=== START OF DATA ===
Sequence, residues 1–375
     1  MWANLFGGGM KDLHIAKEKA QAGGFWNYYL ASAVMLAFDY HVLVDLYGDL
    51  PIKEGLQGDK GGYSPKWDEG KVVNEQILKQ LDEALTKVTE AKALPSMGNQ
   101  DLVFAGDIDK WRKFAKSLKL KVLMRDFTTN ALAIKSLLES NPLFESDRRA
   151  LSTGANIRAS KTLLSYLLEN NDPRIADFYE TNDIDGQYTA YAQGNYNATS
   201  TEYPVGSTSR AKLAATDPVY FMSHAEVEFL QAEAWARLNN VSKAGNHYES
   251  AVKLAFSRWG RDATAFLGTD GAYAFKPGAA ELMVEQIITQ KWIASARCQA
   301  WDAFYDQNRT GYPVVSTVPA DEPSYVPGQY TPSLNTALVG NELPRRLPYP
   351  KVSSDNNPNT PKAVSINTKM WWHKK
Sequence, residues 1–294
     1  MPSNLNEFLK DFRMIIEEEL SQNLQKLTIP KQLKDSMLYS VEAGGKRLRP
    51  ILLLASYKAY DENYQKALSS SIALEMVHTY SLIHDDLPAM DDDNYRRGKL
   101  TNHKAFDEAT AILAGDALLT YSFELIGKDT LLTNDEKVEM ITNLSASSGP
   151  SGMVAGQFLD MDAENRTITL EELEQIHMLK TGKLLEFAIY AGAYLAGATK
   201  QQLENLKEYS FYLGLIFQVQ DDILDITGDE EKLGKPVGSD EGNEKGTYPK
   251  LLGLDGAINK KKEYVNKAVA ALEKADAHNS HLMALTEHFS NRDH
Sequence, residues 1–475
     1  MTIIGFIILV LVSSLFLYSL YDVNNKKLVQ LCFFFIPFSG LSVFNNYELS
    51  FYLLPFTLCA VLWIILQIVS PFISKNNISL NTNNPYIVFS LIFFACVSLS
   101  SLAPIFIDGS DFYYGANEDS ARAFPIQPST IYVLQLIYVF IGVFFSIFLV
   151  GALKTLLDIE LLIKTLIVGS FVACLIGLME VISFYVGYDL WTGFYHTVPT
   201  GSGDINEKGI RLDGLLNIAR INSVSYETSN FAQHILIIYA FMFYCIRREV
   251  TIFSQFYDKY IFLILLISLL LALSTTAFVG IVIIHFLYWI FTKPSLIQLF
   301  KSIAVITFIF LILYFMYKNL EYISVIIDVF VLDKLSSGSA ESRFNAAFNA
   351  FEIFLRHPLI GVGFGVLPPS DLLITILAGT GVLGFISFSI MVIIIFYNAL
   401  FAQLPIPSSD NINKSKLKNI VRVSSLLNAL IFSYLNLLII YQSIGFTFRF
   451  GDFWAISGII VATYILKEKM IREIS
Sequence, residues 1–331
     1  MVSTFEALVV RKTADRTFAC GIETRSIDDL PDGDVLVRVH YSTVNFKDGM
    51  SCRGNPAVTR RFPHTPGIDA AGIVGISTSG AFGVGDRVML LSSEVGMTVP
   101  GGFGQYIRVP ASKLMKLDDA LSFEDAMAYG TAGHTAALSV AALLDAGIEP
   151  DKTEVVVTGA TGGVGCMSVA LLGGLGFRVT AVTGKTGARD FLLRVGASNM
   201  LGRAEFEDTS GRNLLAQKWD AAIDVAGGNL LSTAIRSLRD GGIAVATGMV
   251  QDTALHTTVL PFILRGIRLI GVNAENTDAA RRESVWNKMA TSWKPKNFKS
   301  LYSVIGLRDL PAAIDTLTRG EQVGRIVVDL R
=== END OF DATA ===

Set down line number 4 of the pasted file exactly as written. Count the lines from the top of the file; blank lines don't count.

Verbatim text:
   101  DLVFAGDIDK WRKFAKSLKL KVLMRDFTTN ALAIKSLLES NPLFESDRRA